The number of children under the age of 18 in Sub-Saharan Africa (SSA) who have lost one or both parents to AIDS has increased dramatically in the last five years. The number of children orphaned by AIDS in SSA is estimated to be around 12 million (UNICEF, 2006).
The purpose of this study was to investigate challenges facing headteachers in the implementation of AIDS education in secondary school curriculum in Busia, Bunyala and Samia Districts and find out how they were coping.
Breaking Barriers Project (BB) is a US$ 11,500,000 program implemented over five years in Kenya, Uganda and Zambia.
The Kenya National Union of Teachers (KNUT) has been implementing a successful programme - the EFAIDS, as a contribution to the achievement of the Education For All (EFA) in the era of HIV and AIDS pandemic. The programme is co-sponsored by Education International (EI).
Worldwide, millions of children are affected and made vulnerable by HIV and AIDS. Despite continued treatment and prevention efforts, the number of orphans and vulnerable children (OVC) worldwide will likely increase, emphasizing the importance of understanding the costs of OVC interventions.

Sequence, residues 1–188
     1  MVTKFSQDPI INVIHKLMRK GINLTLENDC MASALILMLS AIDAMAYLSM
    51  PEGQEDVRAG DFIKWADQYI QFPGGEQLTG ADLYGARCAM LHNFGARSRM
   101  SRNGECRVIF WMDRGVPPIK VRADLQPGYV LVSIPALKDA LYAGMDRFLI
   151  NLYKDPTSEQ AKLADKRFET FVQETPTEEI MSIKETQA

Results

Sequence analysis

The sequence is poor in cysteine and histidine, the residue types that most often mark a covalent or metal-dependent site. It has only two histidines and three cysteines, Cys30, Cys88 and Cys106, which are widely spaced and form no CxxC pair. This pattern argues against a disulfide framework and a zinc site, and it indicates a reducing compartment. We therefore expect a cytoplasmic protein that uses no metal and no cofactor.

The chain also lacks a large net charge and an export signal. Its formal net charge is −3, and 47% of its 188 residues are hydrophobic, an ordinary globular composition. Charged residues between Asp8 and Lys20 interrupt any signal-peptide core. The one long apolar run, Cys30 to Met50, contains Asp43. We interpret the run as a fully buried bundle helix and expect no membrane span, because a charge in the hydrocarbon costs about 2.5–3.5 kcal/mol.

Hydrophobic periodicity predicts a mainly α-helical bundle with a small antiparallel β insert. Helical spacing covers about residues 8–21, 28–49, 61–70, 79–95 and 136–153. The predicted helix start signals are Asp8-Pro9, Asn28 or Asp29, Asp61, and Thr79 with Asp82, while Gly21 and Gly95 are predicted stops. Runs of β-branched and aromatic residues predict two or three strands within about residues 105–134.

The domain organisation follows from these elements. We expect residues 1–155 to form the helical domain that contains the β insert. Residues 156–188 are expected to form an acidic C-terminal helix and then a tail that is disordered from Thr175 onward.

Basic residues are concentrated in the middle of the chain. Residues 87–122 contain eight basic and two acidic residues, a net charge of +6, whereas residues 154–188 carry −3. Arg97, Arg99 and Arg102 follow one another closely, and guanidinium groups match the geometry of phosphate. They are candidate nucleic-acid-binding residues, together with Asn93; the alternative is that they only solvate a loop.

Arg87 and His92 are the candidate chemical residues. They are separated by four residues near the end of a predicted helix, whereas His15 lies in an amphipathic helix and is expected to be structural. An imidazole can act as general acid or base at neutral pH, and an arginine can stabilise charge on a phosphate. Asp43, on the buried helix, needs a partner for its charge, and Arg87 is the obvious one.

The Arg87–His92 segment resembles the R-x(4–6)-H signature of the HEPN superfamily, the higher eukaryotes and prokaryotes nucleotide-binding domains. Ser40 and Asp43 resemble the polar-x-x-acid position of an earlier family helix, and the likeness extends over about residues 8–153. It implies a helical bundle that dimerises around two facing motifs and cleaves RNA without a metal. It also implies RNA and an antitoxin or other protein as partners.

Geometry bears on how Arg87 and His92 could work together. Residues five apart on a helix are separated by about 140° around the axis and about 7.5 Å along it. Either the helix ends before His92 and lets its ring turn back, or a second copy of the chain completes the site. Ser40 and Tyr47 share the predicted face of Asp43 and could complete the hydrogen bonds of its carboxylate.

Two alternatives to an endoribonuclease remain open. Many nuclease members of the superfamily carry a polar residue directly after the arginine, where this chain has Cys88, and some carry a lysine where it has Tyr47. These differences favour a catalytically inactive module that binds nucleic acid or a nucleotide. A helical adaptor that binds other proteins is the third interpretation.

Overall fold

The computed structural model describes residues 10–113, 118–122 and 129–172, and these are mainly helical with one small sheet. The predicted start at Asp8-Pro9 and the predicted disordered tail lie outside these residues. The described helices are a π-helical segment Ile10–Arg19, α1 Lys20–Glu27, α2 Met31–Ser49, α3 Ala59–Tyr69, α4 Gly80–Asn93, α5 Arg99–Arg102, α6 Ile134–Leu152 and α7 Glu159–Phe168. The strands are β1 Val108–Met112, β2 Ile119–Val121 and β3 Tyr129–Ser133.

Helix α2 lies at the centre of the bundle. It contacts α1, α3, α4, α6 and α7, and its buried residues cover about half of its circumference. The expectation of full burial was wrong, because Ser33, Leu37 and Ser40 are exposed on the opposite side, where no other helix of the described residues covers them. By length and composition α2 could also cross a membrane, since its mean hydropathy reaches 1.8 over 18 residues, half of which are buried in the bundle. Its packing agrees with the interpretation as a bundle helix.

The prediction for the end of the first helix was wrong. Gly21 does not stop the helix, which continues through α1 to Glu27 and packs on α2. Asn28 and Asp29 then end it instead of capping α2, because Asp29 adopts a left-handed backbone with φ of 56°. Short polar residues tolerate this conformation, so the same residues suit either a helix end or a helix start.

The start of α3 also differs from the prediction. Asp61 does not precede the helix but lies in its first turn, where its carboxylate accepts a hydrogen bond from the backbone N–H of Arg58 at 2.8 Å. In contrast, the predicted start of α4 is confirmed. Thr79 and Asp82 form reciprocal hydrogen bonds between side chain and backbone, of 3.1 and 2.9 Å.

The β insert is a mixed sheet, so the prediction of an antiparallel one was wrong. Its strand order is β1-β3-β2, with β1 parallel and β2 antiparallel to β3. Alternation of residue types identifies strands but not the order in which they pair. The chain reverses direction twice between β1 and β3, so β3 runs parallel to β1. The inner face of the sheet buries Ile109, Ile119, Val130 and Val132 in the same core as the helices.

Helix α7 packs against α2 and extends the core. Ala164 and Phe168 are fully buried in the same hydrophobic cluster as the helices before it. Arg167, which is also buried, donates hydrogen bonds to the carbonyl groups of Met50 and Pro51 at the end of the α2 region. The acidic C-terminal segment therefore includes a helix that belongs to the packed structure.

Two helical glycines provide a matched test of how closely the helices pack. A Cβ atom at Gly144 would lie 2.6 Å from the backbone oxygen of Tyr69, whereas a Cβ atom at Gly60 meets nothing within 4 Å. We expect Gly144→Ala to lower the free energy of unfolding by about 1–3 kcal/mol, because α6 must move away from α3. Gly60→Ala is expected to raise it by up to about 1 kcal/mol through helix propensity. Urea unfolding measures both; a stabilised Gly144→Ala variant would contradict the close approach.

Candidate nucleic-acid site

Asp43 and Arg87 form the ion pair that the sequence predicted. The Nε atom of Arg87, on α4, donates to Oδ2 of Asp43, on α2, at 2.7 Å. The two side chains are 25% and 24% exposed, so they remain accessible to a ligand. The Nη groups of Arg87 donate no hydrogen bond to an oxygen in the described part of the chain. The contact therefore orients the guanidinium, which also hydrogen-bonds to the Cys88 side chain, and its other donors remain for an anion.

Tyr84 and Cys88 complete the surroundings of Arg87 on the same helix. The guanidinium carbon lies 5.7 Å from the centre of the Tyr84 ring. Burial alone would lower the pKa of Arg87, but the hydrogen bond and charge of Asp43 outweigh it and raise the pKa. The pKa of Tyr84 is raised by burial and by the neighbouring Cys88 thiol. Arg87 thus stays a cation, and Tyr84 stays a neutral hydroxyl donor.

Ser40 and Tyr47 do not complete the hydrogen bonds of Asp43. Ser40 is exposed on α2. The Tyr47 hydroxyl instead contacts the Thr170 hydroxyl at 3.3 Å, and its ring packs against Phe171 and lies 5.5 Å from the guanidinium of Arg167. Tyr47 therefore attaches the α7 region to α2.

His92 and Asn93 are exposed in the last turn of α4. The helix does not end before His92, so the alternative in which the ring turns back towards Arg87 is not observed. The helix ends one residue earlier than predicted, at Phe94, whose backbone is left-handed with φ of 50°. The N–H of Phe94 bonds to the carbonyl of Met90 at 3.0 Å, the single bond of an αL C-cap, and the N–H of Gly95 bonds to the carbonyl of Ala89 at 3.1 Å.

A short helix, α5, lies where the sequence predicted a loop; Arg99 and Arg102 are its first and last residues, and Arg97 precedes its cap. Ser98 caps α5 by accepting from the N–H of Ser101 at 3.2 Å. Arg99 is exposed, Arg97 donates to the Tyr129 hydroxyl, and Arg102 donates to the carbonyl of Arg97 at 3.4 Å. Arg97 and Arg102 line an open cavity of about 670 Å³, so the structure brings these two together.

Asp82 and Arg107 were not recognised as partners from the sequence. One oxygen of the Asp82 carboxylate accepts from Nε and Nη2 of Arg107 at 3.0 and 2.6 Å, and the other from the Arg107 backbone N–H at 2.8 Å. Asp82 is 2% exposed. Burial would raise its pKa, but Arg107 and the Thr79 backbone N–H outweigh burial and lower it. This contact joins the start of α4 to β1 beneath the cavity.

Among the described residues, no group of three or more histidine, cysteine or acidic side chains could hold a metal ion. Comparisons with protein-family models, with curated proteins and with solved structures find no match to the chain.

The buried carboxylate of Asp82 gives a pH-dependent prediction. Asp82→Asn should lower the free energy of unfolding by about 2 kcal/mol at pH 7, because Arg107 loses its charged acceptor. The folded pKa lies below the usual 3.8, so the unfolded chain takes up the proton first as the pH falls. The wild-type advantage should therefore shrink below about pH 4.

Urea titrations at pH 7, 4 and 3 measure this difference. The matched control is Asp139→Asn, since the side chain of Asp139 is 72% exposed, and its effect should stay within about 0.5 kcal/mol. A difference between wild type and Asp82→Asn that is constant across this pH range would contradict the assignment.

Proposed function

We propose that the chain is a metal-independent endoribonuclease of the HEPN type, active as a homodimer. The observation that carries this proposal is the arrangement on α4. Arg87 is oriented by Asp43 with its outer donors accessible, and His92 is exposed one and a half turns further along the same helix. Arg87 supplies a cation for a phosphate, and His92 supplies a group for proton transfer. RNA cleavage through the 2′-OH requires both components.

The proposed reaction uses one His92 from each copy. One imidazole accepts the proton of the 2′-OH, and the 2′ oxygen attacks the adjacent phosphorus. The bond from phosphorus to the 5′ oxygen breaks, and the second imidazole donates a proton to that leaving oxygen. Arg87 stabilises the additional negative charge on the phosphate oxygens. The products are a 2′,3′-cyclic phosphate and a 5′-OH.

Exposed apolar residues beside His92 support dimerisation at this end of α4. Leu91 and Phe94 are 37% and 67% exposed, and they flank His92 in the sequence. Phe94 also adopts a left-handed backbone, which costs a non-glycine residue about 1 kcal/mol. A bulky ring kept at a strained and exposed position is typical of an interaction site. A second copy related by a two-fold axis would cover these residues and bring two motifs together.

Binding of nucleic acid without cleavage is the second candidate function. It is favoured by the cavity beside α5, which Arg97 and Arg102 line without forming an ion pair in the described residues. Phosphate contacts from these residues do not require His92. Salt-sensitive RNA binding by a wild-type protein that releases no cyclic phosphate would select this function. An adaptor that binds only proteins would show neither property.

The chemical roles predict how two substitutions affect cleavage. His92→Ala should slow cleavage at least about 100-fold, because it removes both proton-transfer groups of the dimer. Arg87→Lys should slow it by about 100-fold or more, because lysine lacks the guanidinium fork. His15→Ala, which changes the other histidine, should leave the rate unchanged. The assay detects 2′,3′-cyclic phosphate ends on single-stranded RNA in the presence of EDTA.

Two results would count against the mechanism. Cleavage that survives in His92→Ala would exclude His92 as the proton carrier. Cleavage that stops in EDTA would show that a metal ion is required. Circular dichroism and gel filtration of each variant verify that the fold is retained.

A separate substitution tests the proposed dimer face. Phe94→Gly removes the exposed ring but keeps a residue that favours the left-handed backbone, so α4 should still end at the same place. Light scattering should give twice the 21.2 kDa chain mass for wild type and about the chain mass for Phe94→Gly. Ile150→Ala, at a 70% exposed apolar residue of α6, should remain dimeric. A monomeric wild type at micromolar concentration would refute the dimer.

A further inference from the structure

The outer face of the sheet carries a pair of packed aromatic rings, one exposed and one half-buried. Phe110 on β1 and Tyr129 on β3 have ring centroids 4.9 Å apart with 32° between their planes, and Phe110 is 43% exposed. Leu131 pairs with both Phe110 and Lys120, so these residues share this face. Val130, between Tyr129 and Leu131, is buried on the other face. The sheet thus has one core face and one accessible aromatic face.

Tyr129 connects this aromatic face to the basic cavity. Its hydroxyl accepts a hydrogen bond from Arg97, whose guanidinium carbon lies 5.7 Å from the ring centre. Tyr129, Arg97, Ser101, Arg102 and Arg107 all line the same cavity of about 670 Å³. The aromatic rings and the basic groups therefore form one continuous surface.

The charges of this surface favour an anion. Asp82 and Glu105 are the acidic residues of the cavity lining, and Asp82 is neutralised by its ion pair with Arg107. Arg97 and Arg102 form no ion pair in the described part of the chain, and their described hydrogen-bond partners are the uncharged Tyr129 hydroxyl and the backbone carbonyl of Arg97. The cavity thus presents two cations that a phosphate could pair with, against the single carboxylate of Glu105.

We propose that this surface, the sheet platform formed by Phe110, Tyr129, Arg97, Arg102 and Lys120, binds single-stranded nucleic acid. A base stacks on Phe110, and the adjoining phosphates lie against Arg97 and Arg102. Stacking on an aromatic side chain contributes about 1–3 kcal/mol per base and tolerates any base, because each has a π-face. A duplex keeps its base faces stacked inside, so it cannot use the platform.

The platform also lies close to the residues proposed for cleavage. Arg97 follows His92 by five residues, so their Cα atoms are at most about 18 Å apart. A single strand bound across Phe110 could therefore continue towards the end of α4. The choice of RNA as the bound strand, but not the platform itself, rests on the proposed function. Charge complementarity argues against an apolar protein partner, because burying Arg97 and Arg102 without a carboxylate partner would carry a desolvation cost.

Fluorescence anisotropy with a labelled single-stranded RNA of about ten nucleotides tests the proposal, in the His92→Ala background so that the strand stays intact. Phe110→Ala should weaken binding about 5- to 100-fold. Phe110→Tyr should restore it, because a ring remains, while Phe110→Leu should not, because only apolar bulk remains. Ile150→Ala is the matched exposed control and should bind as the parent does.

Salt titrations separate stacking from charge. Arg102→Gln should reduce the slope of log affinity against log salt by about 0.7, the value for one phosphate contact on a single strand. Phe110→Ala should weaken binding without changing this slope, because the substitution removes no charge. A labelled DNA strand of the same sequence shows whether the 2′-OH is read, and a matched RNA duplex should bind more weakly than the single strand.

The USAID Health Policy Initiative, Task Order 1, conducted a comprehensive desk review to better understand the nature and extent of OVC in Global Fund HIV/AIDS grants and the processes involved.
Breaking Barriers (BB) Project in Kenya was implemented by four partners supported by Plan.
This case study describes the work of a program implemented by Youth Alive Tanzania, a faith-based organization in Dar-es-Salaam, which created The Youth and Parents Crisis Counseling Center (YOPAC) in 1999.
In 2007, the Federal Ministry of Education (FME), Nigeria, in collaboration with Action Health Incorporated (AHI), Nigeria, and The Partnership for Child Development (PCD) with assistance from The World Bank School Health and HIV&AIDS Team, undertook this review in order to document how the G
This document represents part of a SAfAIDS project implemented in collaboration with the Ministry of Labour and Social Services (MoLSS), which documents Good Practices in OVC programming in Zimbabwe.